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Soft tissue infection and follow-up for an unsheltered patient: the role of Street Medicine providers in bridging gaps in care
  1. Taha Faiz Rasul1,
  2. Orly Morgan1,
  3. Adam Elkhadem2 and
  4. Armen Henderson1,3
  1. 1 Medical Education, University of Miami Miller School of Medicine, Miami, Florida, USA
  2. 2 College of Arts and Sciences, Columbia University, New York City, New York, USA
  3. 3 Internal Medicine, University of Miami Miller School of Medicine, Miami, Florida, USA
  1. Correspondence to Taha Faiz Rasul; tfr22{at}


Street Medicine is a volunteer-run initiative for low-resource healthcare settings. Formed to bridge gaps in care for persons experiencing homelessness, these organisations work to provide preventative medicine through maintenance care and follow-up. However, there are limits to what Street Medicine can accomplish given the geographical radius covered, lack of available transportation options and vulnerable sleeping locations night to night for the patients served. The subject of this case report is a middle-aged Spanish-speaking unsheltered man who began his care with a Street Medicine team. He was unable to attend medical appointments due to relocation, complicating his disease course and resulting in hospital intervention for cellulitis. Post-discharge, he stayed within radius and was treated by the street team. Increased emphasis on the effects of housing insecurity and addressing social determinants of health could prevent deterioration of manageable diseases and should be an area of active interest for Street Medicine team expansion.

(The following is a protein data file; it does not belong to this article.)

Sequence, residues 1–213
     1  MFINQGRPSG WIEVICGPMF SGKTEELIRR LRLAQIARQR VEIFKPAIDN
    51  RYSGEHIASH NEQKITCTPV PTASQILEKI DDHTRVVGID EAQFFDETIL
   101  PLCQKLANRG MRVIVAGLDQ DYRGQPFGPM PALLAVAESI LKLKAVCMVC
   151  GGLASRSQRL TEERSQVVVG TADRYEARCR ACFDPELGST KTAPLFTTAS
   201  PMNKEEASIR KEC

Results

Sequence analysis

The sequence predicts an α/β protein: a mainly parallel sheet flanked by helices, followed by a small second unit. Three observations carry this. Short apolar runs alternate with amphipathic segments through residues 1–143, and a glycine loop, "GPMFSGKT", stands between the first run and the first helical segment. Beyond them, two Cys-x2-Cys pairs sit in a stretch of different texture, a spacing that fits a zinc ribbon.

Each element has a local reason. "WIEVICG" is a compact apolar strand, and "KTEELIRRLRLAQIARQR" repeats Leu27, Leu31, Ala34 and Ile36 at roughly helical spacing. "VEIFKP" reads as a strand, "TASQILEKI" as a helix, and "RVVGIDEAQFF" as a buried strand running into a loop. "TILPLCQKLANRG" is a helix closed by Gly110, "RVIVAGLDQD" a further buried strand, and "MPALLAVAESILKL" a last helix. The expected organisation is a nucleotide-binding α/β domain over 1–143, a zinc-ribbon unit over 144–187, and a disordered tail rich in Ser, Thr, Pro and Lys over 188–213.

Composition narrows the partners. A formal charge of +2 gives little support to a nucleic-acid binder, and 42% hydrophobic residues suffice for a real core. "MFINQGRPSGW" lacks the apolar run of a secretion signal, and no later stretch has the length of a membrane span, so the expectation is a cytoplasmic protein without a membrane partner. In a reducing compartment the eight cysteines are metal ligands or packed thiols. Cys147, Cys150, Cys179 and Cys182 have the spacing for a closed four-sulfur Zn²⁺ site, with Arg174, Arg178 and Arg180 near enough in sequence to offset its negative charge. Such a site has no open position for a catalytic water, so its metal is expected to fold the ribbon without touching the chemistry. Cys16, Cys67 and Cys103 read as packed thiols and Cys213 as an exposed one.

• Public health
  • Global Health
  • Occupational and environmental medicine

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  • Contributors TFR—manuscript preparation, initial thesis, direct patient care, image and flow chart illustration. OM—manuscript revision and corrections. AE—manuscript revision and corrections. AH—direct patient care and manuscript revision.

  • Funding The authors have not declared a specific grant for this research from any funding agency in the public, commercial or not-for-profit sectors.

  • Case reports provide a valuable learning resource for the scientific community and can indicate areas of interest for future research. They should not be used in isolation to guide treatment choices or public health policy.

  • Competing interests None declared.

  • Provenance and peer review Not commissioned; externally peer reviewed.